State Board of Education approves controversial mental health coordinator law

The Alabama State Board of Education (BOE) has approved the implementation of an Alabama law that requires mental health coordinators in every school system in the state.

In May, the legislature passed House Bill 123 (HB123), which was signed into law by Governor Kay Ivey. The bill, sponsored by Alabama House Majority Leader Nathaniel Ledbetter (R-Rainsville), allowed the state to have mental health counseling and services in all public schools across the country. ‘Alabama.

State Sen. Sam Givhan (R-Huntsville) introduced a parent opt-in amendment, which allows parents to give permission before their child attends programs or sees a counselor.

The BOE approved the legislation.

Dr. Nathaniel Birdsong, president of the Alabama School Counselor Association, spoke in favor of the rule.

Birdsong said the new code clarified the distinction between mental health services offered to students through licensed mental health coordinators and school counseling and programs offered at various schools.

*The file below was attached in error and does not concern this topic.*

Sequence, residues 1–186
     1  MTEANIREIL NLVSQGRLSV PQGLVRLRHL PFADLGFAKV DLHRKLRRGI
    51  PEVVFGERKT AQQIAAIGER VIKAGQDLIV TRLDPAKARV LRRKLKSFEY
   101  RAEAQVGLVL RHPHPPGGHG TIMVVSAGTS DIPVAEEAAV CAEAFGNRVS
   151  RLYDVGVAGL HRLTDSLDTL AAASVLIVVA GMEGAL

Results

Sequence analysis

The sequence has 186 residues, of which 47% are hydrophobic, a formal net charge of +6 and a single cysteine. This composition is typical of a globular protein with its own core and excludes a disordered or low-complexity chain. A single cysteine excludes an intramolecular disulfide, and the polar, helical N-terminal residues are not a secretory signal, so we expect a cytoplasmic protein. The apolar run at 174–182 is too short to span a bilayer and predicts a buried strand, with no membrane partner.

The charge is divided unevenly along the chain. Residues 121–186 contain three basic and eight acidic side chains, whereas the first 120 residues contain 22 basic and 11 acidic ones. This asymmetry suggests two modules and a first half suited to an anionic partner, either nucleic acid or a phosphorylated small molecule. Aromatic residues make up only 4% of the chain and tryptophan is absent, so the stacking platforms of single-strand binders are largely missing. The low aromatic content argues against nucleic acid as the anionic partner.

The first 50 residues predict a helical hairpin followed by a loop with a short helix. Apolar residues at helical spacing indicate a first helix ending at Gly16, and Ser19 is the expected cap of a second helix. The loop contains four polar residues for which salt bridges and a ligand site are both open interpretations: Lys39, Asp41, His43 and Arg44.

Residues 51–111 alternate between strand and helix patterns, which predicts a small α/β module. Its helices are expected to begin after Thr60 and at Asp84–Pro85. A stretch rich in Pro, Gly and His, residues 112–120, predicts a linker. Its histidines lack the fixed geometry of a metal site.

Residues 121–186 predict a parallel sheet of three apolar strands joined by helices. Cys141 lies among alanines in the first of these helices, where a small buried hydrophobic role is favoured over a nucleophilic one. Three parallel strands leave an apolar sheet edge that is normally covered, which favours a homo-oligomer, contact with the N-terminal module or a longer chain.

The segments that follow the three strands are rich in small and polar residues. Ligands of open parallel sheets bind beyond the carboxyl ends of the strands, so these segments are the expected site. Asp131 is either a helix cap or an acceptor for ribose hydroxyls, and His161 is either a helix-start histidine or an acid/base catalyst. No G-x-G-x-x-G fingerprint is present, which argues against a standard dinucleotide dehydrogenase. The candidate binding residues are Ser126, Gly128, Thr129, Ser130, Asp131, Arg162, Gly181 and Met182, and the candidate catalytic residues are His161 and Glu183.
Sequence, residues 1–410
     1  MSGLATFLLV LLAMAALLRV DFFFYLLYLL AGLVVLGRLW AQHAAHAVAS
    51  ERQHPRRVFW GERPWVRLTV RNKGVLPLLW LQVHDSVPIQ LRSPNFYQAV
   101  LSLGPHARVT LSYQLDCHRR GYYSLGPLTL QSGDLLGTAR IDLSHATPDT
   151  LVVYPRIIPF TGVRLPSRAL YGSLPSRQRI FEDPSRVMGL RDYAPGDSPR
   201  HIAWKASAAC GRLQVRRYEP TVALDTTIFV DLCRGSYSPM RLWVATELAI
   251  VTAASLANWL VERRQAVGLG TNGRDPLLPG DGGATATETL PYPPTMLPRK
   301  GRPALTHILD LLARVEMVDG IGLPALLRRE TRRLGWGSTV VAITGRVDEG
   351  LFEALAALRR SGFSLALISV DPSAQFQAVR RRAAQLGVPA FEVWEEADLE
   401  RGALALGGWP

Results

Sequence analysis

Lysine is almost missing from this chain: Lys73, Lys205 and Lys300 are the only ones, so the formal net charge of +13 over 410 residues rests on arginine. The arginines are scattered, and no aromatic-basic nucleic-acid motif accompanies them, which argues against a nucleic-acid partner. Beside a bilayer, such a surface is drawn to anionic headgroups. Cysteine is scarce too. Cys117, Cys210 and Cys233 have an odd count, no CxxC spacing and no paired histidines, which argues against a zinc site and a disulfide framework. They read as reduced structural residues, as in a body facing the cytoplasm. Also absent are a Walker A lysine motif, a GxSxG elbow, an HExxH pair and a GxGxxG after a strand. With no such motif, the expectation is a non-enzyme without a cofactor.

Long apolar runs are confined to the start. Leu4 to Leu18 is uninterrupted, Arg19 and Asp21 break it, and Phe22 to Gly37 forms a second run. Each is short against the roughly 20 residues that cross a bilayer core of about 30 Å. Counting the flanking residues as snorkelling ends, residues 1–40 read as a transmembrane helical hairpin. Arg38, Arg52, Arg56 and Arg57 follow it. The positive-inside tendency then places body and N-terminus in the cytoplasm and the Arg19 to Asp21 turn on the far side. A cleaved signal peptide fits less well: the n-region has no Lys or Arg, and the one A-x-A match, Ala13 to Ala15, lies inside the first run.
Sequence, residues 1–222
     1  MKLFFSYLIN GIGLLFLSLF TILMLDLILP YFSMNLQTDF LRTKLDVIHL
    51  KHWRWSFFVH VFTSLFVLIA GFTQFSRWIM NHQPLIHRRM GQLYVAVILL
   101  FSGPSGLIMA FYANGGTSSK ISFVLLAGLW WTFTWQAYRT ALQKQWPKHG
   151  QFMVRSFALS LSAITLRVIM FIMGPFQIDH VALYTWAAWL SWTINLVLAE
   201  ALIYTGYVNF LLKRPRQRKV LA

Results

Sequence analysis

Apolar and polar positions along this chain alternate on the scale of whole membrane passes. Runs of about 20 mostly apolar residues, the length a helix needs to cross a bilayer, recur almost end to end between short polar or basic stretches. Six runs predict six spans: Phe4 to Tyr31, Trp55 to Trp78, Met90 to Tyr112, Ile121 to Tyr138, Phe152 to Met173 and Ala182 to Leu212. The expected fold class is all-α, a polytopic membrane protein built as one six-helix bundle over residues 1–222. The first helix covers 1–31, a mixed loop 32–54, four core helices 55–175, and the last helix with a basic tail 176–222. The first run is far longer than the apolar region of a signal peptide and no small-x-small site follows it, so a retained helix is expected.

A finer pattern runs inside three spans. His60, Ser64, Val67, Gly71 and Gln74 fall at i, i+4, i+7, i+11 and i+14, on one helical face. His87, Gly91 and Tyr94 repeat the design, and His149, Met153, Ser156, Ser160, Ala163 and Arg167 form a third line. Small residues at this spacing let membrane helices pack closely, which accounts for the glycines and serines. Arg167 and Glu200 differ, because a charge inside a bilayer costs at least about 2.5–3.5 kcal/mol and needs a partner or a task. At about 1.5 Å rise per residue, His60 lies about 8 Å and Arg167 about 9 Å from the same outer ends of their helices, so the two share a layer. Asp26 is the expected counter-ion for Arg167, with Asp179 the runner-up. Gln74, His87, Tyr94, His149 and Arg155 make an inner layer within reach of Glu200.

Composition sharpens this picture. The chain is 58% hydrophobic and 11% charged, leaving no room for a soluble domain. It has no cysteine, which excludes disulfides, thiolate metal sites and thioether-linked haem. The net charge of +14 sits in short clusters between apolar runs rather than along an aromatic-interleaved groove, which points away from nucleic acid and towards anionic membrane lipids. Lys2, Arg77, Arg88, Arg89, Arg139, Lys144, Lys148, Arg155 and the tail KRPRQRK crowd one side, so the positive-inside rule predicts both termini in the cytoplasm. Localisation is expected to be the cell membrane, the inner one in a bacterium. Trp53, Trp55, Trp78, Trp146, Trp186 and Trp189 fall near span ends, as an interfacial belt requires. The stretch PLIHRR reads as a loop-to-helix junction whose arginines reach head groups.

Marlo Young, the Escambia County mental health coordinator, spoke out in favor of the rule, saying mental health services significantly reduce bullying and peer pressure.

“The position of Mental Health Services Coordinator has been a great addition to the local school system, and I am grateful for the opportunity to work in this capacity,” said Young.

“[W]We work alongside our school counselors and support our students in a variety of ways, such as character education, social and emotional learning, and that community bond that connects students and parents to these grade level resources and services. 3. »

Although no one spoke out against mental health services at the BOE meeting, some expressed concern about the opt-in option of the new law.

Concerns about the bill relate to a longer-standing state law.

Section 22-8-4 of the Alabama legal code allows a person 14 years of age or older to make their own medical decisions in the state of Alabama. This means that children over the age of 14 in Alabama schools can participate in mental health programs or see a counselor without parental consent.

Givhan’s opt-in amendment did not include an opt-out, meaning children over 14 would automatically be enrolled in mental health programs.

See also: ‘Bad things happen behind closed doors all the time between kids and adults’ – Worried parents speak to school mental health counselors

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